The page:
In the Iliad, she is described as the loveliest of the daughters of Priam (King of Troy), and gifted with prophecy. The god Apollo loved her, but she spurned him. As a punishment, he decreed that no one would ever believe her. So when she told her fellow Trojans that the Greeks were hiding inside the wooden horse...well, you know what happened.
Some shots of Camden Town fashion. I was informed by some younger friends that not all of what's sold or worn here is Goth; some of it is Emo and some heavy metal, death metal, and punk -- and they're all different, plus there are subcultures of each. I looked up the terms on the web and, well, even the Goths don't agree on what makes a Goth. Maybe you know and can tell me!
There were shops selling nothing but corsets and bustiers, leather shops, jewelry shops from "tribal" to "celtic" to "biker." Along Camden High Street, many of the stores have elaborateupper-storey facades like the two shown here, but there was so much going on on the street level that I didnt' even notice them until we'd been there for several days.
Whatever the fashion terminology, I had a great time looking at what people were wearing and what the shops were selling.
On a glorious fall day in London, we went for a long walk along the Regent's Canal with our dear friend R. and her faithful and heroic dog, Maizy (who leaped onto a patch of duckweed and had to be drippingly rescued) from Camden Lock, through Regent's Park and past the London zoo into a posh area (where I got locked into a cafe bathroom and had to text my companions for help) toward Paddington, and considerably beyond.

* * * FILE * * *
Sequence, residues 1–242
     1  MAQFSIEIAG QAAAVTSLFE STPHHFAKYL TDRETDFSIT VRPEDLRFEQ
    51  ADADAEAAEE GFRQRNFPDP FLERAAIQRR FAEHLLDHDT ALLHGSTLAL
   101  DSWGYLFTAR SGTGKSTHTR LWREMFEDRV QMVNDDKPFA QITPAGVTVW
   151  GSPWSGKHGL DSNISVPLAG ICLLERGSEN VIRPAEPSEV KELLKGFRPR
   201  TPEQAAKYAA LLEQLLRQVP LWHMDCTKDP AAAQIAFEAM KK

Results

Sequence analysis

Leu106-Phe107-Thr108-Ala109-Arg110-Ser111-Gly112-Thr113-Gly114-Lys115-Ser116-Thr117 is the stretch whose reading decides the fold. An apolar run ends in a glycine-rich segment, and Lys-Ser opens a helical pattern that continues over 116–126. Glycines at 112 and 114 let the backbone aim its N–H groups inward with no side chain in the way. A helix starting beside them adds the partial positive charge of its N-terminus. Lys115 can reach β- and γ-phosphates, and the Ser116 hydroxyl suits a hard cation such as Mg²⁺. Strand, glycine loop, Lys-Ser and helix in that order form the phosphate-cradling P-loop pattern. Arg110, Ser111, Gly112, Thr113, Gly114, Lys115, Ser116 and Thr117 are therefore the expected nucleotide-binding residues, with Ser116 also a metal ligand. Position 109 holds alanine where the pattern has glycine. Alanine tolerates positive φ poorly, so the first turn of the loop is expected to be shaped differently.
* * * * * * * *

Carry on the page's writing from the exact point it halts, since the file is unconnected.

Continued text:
Travel, once upon a time, was extremely painful for me. I grew up in a small rural town and a settled family, non-travelers for the most part who rarely took vacations or went further than the next county away from home. Nearsighted and prone to motion-sickness, I found even medium-length car trips difficult by the age of four. Later I begged to stay home from school bus trips, and even in high school, though I always went on band trips for winter concerts or the marching competitions we participated in all summer, I'd often spend the day before in semi-panic. Because I was a smart and talented kid from a fairly well-off family, I grew up knowing other children would only be too happy to find a reason to laugh at me. This suffering, which I experienced as an interior anxiety, anguish and shame, battled with my increasing curiosity about the larger world. Gradually the latter won out: I went anyway when the opportunities beckoned. I took dramamine for the motion sickness, and aspirin for my severe menstrual cramps, and began to discover that I could survive, my anxiety mostly undetected by classmates, teachers, and boyfriends, because that was the worst of it: the fear that my capability and apparent calmness would be unmasked, and this darker, frightened self revealed.